Diamondback Podium 7 Gets Finalized, Soft Pedals Toward Production; Prototype Mason 29er Full Susser

2013 Diamondback Podium 7 racing road bike finally making its way to production

First spotted at Interbike last year being billed as a 2012 model, the Diamondback Podium 7 road bike is at least now rolling toward production with a availability “by late fall or early spring.”

The Podium 7 will come in two trim levels, the Campy Super Record originally shown, and a SRAM Red build, which is about the only news that isn’t going to seem like a copy and paste of our article from September. That, and the rather attractive red color scheme, which is new.

Here’s the run down: Goals were to be both beautiful and functional, so they worked with two outside parties. Kevin Quan Studios helped develop the frame tech and Industrial design from Studio West in Boulder, CO.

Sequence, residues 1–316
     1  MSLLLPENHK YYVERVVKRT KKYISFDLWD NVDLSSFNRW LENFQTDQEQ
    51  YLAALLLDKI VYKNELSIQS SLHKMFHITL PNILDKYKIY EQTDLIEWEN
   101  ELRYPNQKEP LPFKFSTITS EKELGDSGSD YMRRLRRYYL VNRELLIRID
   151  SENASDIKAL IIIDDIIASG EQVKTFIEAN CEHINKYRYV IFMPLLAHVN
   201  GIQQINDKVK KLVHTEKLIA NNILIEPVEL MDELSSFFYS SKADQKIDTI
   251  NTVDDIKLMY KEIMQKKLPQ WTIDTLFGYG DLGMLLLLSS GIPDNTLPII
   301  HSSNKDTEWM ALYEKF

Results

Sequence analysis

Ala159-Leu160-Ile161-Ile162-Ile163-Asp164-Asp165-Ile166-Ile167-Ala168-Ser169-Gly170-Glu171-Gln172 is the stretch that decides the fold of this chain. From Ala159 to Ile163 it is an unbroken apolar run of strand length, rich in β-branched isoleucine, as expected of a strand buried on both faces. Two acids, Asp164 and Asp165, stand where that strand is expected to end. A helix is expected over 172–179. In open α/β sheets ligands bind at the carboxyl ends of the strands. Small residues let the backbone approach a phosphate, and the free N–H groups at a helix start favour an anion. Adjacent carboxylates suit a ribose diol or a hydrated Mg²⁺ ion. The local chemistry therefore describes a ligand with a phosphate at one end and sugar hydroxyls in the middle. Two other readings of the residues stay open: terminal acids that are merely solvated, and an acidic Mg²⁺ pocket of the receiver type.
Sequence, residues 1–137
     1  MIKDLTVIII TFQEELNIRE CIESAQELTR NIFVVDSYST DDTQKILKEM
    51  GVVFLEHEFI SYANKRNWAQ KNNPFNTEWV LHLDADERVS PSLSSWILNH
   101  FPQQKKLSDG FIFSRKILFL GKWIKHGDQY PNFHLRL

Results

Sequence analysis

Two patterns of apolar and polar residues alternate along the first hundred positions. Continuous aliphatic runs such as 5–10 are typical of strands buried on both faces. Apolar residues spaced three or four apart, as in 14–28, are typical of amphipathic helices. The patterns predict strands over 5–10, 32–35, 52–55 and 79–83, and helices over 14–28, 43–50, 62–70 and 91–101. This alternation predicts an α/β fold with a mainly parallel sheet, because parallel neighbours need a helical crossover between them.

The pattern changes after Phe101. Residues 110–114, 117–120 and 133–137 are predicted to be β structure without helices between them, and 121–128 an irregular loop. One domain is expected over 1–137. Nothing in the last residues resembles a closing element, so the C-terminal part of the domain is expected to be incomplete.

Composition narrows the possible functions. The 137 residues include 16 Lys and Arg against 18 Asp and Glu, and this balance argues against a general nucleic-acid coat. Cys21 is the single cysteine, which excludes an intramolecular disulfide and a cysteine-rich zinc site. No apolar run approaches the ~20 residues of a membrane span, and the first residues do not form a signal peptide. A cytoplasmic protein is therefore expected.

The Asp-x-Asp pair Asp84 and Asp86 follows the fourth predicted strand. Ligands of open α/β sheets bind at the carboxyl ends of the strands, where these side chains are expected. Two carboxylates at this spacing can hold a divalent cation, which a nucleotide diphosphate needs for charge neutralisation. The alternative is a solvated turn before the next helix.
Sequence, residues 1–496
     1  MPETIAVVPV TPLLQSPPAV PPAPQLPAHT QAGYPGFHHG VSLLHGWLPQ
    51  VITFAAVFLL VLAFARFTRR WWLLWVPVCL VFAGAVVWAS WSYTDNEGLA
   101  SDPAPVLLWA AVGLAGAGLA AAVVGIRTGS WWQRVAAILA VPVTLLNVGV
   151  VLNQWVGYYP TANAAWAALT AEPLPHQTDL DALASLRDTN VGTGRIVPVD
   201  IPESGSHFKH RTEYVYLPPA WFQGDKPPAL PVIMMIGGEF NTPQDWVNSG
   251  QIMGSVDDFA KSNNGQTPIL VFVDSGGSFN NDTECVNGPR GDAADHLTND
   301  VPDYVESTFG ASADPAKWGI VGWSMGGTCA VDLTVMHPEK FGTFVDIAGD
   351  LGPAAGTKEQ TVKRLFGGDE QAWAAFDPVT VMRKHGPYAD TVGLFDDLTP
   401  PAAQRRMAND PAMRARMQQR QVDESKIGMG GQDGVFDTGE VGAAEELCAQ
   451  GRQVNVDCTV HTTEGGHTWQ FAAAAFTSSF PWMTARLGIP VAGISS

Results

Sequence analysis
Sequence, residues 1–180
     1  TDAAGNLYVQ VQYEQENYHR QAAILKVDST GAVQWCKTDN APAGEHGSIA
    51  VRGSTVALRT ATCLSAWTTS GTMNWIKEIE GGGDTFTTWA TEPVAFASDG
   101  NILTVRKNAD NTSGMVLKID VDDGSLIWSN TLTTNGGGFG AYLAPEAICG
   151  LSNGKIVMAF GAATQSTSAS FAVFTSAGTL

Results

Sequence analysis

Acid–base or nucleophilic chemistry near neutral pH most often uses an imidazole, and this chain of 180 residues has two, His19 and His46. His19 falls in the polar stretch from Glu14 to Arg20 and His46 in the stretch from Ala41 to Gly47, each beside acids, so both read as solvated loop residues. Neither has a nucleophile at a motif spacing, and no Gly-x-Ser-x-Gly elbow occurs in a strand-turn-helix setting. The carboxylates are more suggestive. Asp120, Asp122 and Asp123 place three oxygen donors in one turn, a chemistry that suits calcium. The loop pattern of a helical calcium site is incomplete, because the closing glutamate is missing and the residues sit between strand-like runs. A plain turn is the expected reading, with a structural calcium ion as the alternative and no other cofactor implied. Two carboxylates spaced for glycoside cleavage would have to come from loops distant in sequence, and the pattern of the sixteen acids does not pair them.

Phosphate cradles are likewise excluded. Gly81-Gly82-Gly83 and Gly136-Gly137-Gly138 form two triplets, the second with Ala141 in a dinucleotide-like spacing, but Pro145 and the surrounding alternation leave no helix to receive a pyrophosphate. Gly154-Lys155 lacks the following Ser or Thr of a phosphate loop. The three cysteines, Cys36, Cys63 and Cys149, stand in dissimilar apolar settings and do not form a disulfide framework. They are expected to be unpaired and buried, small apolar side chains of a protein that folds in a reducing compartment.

It has the AMP (Advanced monocoque Molding Process) SL frame that’s constructed with both internal and external molds to optimize compaction and reduce excess material. Frame with a claimed weight of 850g (56, unpainted), 100g lighter than the regular AMP frame on the Podium 5 and 6. PFBB30, tapered headtube and continuous fiber 360g carbon fork that’s full carbon, including the crown race and dropouts.

2013 Diamondback Podium 7 racing road bike finally making its way to production

It looks somewhat aero, but the shaping of the front end was really done for looks.

2013 Diamondback Podium 7 racing road bike finally making its way to production

2013 Diamondback Podium 7 racing road bike finally making its way to production

The rear end and seat tube was designed to offer good compliance and be laterally stiff. Seat tube is pretty thin with a 27.2 seatpost to further enhance comfort.

2013 Diamondback Podium 7 racing road bike finally making its way to production

Chainstays are asymmetric with a thicker non-drove side stay to take full advantage of the BB shell’s width. Cables are all run internal with a small cover on the BB to seal things up.